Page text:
Qualify as a chef to start a career in SA’s growing hospitality industry

South African youngsters looking for alternative options to further their studies post-matric should consider the possibilities offered by qualifying as a chef. The pros of this service-driven profession include the ability to earn while you’re qualifying as well as an opportunity to master a craft that will always be in high demand around the world.

That’s according to Executive Chef Martin Kobald, one of South Africa’s leading chefs and the owner of the ChefMLK School of Cooking. Kobald, who is also the vice-president of World Association of Chefs Societies and Honorary Past President of the South African Chefs Association (SACA) says that demand for qualified chefs is rising across South Africa as the tourism industry booms and local consumers seek out fine dining experiences.

He says that hotels and restaurants around the country are eager to recruit chefs who are trained to high global standards and have internationally-recognised qualifications. By some estimates, the country has a shortfall of thousands of chefs, largely as a result of the rapid growth of the tourism industry over the past decade.

Kobald says that becoming a chef isn’t for everyone – it is a job that demands long hours, often in uncomfortable conditions. A six-day working week and 10-hour shifts are by no means uncommon in the industry. Chefs often find themselves needing to work long hours in a hot and noisy kitchen while their families and friends are celebrating special occasions or holidays.

“Celebrity chefs like Gordon Ramsay and Jamie Oliver have put chefs on the map, but youngsters interested in a career in the catering and hospitality industry shouldn’t imagine that the job is always glamorous as it looks on TV,” says Kobald. “It is a career for people who are as passionate about service and the craft as they are about fine food.”

“However, for the right person, becoming a chef is a dream profession,” he adds. “One of the most significant benefits is that it is a career path open to those that don’t have the funds or time to study at a university. They can embark on a three-year apprenticeship and start bringing money in while they’re still qualifying; or they can study for around two years, full-time. You don’t even necessarily need a Grade 12 (matric) certificate to apply to a chef or hotel school, at the ChefMLK School of Cooking you just need to be 16 years of age, can speak, read and write the English language together with a knowledge of basic Math,” says Kobald.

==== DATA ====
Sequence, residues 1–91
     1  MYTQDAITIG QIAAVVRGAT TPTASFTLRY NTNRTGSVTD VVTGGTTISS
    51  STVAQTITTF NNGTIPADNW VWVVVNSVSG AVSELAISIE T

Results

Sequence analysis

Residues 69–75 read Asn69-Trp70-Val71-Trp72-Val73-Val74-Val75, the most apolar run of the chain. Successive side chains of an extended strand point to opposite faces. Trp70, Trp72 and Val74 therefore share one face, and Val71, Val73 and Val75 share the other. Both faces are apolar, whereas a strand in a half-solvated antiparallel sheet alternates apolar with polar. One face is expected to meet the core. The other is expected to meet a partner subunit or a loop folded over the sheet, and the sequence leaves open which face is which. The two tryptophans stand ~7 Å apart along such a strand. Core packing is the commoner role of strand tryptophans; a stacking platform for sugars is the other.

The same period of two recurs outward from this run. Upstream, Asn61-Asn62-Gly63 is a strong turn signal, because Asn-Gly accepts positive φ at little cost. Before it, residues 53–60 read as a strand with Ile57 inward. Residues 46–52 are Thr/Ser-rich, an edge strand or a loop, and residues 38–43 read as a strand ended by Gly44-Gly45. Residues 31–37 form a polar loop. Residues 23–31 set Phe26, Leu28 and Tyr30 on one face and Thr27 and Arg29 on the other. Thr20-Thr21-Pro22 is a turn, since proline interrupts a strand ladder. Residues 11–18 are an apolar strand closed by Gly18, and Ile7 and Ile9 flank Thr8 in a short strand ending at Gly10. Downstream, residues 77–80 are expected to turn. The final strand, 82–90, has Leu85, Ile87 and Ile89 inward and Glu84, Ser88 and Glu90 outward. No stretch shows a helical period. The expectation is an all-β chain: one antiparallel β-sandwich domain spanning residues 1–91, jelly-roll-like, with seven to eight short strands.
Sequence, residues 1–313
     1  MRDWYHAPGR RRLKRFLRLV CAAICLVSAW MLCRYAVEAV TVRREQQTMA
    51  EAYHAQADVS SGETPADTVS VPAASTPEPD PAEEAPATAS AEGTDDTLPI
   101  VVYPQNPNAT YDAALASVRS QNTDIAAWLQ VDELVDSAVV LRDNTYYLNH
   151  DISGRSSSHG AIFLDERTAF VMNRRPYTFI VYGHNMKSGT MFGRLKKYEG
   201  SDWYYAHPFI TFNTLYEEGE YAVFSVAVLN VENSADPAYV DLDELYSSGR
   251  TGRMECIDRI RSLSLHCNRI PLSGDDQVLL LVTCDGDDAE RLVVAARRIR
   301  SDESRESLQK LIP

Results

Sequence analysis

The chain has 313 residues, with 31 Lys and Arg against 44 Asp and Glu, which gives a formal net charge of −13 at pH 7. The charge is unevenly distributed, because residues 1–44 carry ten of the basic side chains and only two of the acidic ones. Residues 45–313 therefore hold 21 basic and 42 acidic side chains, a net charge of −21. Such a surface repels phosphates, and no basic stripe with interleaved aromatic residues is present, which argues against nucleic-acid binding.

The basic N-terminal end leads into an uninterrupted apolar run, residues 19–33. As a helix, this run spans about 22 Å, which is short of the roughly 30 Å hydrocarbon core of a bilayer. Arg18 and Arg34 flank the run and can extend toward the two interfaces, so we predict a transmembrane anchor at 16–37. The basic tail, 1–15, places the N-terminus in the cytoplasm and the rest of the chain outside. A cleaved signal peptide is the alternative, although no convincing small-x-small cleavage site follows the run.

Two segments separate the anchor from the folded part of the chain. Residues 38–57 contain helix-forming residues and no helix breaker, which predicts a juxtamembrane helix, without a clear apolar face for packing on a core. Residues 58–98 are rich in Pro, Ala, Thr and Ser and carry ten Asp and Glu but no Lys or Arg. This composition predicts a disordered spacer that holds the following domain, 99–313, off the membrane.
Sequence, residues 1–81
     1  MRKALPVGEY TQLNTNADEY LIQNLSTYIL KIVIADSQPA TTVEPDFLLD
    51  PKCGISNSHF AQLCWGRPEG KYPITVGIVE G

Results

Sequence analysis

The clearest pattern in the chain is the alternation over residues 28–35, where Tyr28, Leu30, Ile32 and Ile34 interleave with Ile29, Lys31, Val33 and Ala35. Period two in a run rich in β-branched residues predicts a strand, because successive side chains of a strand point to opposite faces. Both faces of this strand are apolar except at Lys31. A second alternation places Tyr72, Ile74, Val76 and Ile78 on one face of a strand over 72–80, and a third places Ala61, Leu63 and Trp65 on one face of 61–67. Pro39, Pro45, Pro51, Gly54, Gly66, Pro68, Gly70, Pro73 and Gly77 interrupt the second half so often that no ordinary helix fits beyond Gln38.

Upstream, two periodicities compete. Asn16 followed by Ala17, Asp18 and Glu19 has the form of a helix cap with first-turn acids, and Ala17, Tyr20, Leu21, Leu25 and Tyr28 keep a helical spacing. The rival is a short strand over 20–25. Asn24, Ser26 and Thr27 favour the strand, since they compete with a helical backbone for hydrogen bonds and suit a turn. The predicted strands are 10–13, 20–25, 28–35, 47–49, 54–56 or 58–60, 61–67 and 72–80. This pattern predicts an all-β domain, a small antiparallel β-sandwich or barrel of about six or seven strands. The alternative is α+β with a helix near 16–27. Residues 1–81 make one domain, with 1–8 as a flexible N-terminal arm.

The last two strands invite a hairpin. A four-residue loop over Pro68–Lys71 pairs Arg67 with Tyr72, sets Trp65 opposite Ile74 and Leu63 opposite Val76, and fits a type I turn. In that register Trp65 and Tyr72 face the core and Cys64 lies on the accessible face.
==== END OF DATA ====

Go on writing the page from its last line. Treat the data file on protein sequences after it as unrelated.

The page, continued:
To qualify as a chef, you should choose a school that offers a qualification backed by an international certification. The ChefMLK School of Cooking, for example, offers the City & Guilds Qualifications in Food Preparation and Culinary Arts. This means that your qualification will be recognised in South Africa as well as other parts of the world.

“An ideal chef course should cover a full range of theoretical and practical training encompassing hospitality and catering industry basics, nutrition, basic kitchen procedures, food preparation, hygiene, cooking of a variety of foods and dishes as well as catering operations, costs and menu planning. But the practical component is one of the most important things to look for.” says Kobald.

“You shouldn’t simply be learning from a book,” he says. “You should get an opportunity to visit markets, butcheries and bakeries for example to learn where to find and how to choose the best produce. You must learn hands-on how to cut up a lamb carcass or create a pastry. And you should spend a lot of time in a real, working kitchen to practice your skills.”

Kobald says that his school has managed to place nearly every single student in the hospitality industry who has graduated in either the Certificate or Diploma City & Guilds courses. “There is no shortage of jobs for good chefs,” he adds. “And one of the real benefits is that demand is booming for chefs in Europe, Australia and other parts of the world, too.”

Getting qualified as a chef opens up a range of exciting career options, says Kobald. Some chefs prefer to stay in the kitchen, often choosing to master a craft such as pastry or becoming the head chef in a busy hotel or prestigious restaurant. Others seek to move up the ranks to become hotel or restaurant managers. And those with an entrepreneurial flair may set up their own restaurants.

Beyond the restaurant, qualified chefs can offer catering or consulting services. They also earn the opportunity to pass on their knowledge and empower fellow chefs by becoming teachers or accredited judges for international judging events. The opportunities are endless.